N S Year Ender 2005

NEW SCOTLAND — This still-rural town is on the threshold of development as several projects were proposed in 2005.

Development is knocking on New Scotland’s northeast side door, with a foot in the archway. Planning visions for the northeast quadrant are pulling from different sectors. Petitioning citizens want to rezone to allow only 2-acre lots or larger, while a developer is requesting a planned unit development rezone to accommodate his proposed 282-unit housing development bisected by Hilton Road named Kensington Woods.

Also on the Bethlehem-New Scotland border at the end of La Grange Road, the Vista Tech Park, a multi-million-dollar business-development project organized by Albany county and to be built by BBL Development is proposed for about 440 acres. About 20 percent of the technology park will lie within New Scotland.

The total development is for 1.4 million square feet of office, lab, and research space.

Bill Herbert, the vice president of development for BBL, told The Enterprise this week that 15 to 20 buildings are proposed in total with two or three of them to be located within the borders of New Scotland. Each New Scotland building will offer 200,000 to 300,000 square feet of commercial space.
Herbert called it "clean technology" such as the computer industry, he said. The Tech park is proposed for an area of town that is currently zoned residential, and will need a re-zone to permit commercial use. Herbert said that he will come before New Scotland’s boards this winter with an official plan.

The PUD proposal for Kensington Woods has 206 buildings hosting 281 residential units on 267 acres of land; 114 acres are reserved for open space.

Kensington Wood’s houses are expected to range in price from $300,000 to over $1 million.

In the mix are 152 townhouse-like units and 129 single-family homes. Units range in size from 9,000 square feet to lots of 40,000 square feet.

The development is to have its own sewer district, with sewer on site and water from the well on the property. The aquifer on the old Tall Timbers site has enough water to supply the whole housing project and the town’s commercial corridor. All the roads and utilities are proposed to be dedicated to the town after construction.

Scott Lansing, an engineer for the developer, claims that, while some of the individual lota will be 10,000 square feet, the overall density for the total 267 acres will be within the current zoning regulations density.

The area of town where Kensington Woods is proposed is currently designated medium density residential, which allows subdivision into lots of 22,000 square feet.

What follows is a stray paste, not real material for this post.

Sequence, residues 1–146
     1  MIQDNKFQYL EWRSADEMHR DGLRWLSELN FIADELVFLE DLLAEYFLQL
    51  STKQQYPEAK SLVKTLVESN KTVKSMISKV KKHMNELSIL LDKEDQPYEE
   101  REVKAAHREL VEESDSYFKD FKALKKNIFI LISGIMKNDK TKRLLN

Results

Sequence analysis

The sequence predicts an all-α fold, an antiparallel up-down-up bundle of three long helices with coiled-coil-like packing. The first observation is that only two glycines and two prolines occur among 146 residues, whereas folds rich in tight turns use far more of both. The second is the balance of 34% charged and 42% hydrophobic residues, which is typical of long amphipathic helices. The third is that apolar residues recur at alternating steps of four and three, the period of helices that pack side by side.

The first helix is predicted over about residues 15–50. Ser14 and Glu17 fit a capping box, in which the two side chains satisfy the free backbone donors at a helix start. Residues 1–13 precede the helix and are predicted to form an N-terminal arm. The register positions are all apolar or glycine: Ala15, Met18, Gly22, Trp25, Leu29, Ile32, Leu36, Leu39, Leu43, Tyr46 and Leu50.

A planned unit development, an article in the town’s zoning law, allows a developer to group housing together into smaller individual lots, but as a result creates more open space and purposeful construction, architecture, and landscaping.

At the same time that the town board considers this planned unit development re-zone, which would be creating its own separate zone unlike any other zone in town, the board is also considering the Northeast Neighborhood Association’s re-zone petition, requesting all lots to be at least two acres.

Both zoning changes can co-exist.

Even if the town board were to re-zone to two-acre lots, the planned-unit development would be a re-zone within that, so that the area surrounding Kensington Woods would have two-acre lots and then, within Kensington Woods, would be the PUD zone.

Large landowners within the medium-density zone are adamantly against rezoning to a reduced density. Anthony Genovesi and Robert Cook have both stated that two-acre zoning makes development spread out and is too costly for installing infrastructure, making it economically impossible to build affordable housing.

The town board plans to start off the new year with many public-information sessions and meetings dedicated to listening to public input on the northeast section, and on both zoning proposals.

While considering the zoning for housing in the northeast quadrant, the town board also wants to address creating a commercial zone for the Vista Tech Park, which is proposed for an area currently zoned for residences.

Comprehensive plan

Supervisor Ed Clark has a long-term goal of updating the town’s comprehensive land-use plan, something he campaigned on in his successful bid for re-election. The town’s first comprehensive plan was originally created in 1994, and has not been updated since. Clark announced in December that he is recommending for the reorganizational meeting on Jan. 1 appointing new town board member Douglas LaGrange, a previous planning board member, as a liaison to start the process of a new comprehensives plan, which will involve committees.

There has been some resistance to making a new comprehensive plan.

Councilman Scott Houghtaling, who chose not to run this November is stepping down after 12 years on the board. His parting recommendation to the board in the last few months has been that New Scotland has to look at zoning town-wide, not just in chunks.

At the December town board meeting, all the sitting board members agreed that the industrial zone in the route 85 and 85A corridor, north of the commercial zone, needs to be switched to commercial, since the industrial designation is no longer appropriate with the D&H railroad gone. This industrial designation sits just below the medium-density zone where Kensington Woods is proposed.